Hypnospace Outlaw (PC)

Hypnospace Outlaw managed the unusual feat of making me feel nostalgic for something I didn’t personally experience. Second-hand nostalgia, perhaps. Set in 1999, Hypnospace Outlaw has you playing as a moderator for Hypnospace, which is clearly a knock-off of GeoCities. Even though I was a teenager at the time, I never used GeoCities and I was worried the experience would be lost on me. It wasn’t.

Hypnospace Outlaw tugs at plenty of other nostalgia strings for those of us who were around in the nineties. There’s the faux desktop, complete with chunky icons and hideous moving imagery, the tinny sound effects, more loading bars than a two-hour session of Anthem, and even a trail as you move your mouse around the screen.

Nostalgia only gets you so far, but fortunately, there’s a solid detective game underneath the garish shell. Hypnospace Outlaw has moments of sheer brilliance scattered throughout its eight to ten-hour run-time. I finally understand why being a moderator, or enforcer, to use the in-game lingo, can make the power go to your head. As a YouTuber, I should sympathize with someone using copyrighted material, but I didn’t hesitate to bring down the banhammer like a rogue algorithm that’s been promised a raise and a corner office. Anything to close the case.


You interact with the game through a fake operating system called HypnoOS. For story reasons, users of HypnoOS are technically connecting with it via headbands, an early form of VR, but you use it like any old desktop. Although Hypnospace Outlaw takes place in 1999, the vibe of the desktop, in particular, is more mid-nineties, with a distinct Windows 3.1 vibe to it.

I initially assumed HypnoOS would just be there as a hub for email and a browser, however, it’s so much more than that, and is practically a full operating system. You can download files and pin images to your desktop, play songs in a basic music player, and even install new programs through executables which automatically add a new icon to your desktop. The operating system can get infected with viruses, and if it does, you’ll need to buy, download, install, and use anti-virus software. There are even three different versions of the anti-virus software with the more expensive ones having extra features that all actually work in the game. The true brilliance of HypnoOS hit home when I realized I could download a virtual pet that lived on the desktop and required the odd bit of food and some attention every now and again.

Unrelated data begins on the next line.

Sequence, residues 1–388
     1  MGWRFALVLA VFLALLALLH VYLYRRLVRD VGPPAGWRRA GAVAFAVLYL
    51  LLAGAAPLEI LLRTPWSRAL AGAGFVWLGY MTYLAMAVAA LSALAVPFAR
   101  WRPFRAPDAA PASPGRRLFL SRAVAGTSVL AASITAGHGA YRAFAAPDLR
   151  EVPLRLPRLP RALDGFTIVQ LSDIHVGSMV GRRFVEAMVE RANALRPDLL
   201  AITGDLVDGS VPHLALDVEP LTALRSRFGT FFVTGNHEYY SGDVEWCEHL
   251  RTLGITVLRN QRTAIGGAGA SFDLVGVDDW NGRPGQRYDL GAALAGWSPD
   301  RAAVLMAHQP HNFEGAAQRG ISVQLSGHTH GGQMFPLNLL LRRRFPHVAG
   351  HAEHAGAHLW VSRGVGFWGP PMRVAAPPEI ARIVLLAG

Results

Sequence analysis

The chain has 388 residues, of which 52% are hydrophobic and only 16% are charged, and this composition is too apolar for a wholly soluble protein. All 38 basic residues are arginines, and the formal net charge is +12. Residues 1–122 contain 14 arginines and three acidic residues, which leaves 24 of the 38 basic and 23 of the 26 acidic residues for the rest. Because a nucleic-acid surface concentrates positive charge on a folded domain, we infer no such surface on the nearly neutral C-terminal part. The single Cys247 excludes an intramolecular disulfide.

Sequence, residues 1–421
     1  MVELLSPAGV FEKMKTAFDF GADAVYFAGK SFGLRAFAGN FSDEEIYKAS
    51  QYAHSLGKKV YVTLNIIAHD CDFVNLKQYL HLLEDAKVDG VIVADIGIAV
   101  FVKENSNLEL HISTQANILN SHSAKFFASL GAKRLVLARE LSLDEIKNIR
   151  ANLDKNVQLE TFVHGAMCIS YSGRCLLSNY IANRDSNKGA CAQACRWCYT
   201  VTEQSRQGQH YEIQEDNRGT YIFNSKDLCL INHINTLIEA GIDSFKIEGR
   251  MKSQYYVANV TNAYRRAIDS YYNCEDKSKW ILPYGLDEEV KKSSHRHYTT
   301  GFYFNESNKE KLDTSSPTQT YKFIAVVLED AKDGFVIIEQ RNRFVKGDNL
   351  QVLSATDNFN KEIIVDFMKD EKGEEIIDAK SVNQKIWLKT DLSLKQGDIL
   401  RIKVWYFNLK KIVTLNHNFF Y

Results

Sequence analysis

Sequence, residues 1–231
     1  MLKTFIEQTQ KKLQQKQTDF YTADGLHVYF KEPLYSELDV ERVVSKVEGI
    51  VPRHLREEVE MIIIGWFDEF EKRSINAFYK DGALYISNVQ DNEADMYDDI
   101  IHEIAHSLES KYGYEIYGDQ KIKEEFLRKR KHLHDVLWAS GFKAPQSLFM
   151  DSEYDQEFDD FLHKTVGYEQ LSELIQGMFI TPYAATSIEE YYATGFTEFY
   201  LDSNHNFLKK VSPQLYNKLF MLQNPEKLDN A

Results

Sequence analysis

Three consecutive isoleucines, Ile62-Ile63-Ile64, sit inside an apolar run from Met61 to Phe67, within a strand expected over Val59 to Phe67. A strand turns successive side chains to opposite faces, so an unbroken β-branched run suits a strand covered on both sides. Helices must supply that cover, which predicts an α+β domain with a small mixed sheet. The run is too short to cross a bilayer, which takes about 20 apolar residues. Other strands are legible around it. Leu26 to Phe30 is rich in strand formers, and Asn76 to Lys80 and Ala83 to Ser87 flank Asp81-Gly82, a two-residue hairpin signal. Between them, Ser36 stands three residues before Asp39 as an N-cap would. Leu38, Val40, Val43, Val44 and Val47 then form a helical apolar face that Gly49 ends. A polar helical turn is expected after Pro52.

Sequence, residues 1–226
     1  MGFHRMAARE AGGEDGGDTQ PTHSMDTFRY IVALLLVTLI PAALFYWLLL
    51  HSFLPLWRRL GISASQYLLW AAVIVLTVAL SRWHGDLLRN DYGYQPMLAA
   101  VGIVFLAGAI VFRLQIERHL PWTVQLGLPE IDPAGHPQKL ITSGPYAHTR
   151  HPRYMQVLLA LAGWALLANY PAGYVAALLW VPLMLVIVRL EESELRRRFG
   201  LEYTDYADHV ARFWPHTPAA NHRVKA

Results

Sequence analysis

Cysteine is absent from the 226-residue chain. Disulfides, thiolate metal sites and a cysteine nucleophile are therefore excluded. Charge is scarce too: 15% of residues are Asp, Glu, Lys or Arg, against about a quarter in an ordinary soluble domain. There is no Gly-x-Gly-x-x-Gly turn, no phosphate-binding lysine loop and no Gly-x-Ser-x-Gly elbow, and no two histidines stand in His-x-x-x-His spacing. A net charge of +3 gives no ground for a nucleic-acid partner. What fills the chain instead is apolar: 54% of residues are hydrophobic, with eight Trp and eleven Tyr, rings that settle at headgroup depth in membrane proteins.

This sense of time-traveling awe and wonder lasted for a good hour or so, but Hynospace Outlaw doesn’t coast on nostalgia. As a new voluntary enforcer for MerchantSoft, the owner of HypnoOS, your job is to solve cases involving content infringement, malicious software, harassment, illegal content, and financial transactions. For example, an early case asks you to crack down on people publishing copyrighted images of a cartoon character called Gumshoe Gooper. A simple search of the name reveals a few incriminating pages, so you report the images and close off the case. Other cases have you hunting down illegal software, deleting obscene images, and dealing with people acting like dicks on the internet. Thank God we got rid of that problem in the nineties.

One of Hypnospace Outlaw’s best features is that the pages don’t remain static. The content changes as we move forward in time and people react to your previous actions. The woman you reported for posting images of Gumshoe Gooper gets angry and complains about pathetic 20-year-olds with too much time on their hands, and she even starts a little protest group which gains some traction. Early on, I found a page warning me that using HypnoOS causes beefbrain. It was framed in much the same way we used to panic about mobile phones causing brain cancer. Fast forward a few weeks, and some webpages have a special beefbrain shield that supposedly protects against the disease. And of course, there are people claiming beefbrain is a hoax.


My major gripe with the cases is that they aren’t consistent in their quality. I loved about half of them. I’ll keep things vague for spoiler reasons, but personal highlights included figuring out how to access an encrypted file and exploring a separate region devoted to banned sites. The encrypted file, in particular, was so incredibly satisfying, requiring you to follow some clues and interact with a few different programs in a way that brought the whole operating system to life.

And then there were the cases that didn’t work, such as the one where I had to find four illegal images and went in circles for an hour before finding them due to sheer luck. Hypnospace Outlaw is, at heart, a puzzle game, so there’s always going to be those parts you don’t get and other people do. This doesn’t necessarily mean it’s a bad puzzle. However, I decided to check out other playthroughs online and I’m definitely not the only person who had the same problem with this one and others solved it through luck as well.